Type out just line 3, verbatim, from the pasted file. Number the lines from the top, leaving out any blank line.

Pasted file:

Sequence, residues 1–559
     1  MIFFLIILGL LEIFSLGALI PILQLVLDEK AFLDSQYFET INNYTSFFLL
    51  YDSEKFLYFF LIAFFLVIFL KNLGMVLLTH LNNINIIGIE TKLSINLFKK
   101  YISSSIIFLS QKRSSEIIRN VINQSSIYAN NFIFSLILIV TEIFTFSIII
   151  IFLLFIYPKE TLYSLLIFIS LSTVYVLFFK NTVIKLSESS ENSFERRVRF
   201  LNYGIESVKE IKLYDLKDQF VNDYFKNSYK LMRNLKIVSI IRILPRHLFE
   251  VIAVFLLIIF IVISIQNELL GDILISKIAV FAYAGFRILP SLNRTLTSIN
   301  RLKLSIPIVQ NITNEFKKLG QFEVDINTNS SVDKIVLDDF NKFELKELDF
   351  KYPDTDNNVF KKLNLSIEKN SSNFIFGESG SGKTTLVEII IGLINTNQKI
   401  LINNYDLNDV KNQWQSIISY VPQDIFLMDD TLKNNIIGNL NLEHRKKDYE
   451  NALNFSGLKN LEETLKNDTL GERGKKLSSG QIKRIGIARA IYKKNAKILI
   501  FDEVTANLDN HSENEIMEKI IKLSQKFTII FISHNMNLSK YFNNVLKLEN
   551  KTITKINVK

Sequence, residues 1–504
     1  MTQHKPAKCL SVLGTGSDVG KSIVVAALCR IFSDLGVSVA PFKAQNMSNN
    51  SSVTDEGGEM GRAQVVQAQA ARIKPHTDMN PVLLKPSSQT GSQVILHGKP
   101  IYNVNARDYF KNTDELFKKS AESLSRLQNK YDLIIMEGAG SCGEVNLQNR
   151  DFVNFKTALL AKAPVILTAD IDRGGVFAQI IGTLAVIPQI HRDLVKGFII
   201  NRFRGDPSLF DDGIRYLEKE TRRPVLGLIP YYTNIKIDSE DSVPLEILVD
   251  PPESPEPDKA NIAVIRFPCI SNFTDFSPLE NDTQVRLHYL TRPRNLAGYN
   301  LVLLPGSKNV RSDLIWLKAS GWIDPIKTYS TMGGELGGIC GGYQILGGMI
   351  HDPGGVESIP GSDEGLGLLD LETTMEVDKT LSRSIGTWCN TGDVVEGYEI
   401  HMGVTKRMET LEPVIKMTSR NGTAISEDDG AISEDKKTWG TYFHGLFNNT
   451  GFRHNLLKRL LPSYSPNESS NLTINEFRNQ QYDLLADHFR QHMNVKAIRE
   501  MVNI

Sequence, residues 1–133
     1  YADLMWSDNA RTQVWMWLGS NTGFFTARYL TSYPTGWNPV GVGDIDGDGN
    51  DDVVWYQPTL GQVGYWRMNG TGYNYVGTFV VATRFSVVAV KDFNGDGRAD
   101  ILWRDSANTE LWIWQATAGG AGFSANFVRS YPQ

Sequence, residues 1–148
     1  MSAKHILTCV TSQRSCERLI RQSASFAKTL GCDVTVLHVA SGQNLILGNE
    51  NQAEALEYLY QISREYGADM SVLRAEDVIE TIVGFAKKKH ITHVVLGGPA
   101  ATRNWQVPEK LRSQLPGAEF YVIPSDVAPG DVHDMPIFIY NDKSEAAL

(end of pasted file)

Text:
    51  YDSEKFLYFF LIAFFLVIFL KNLGMVLLTH LNNINIIGIE TKLSINLFKK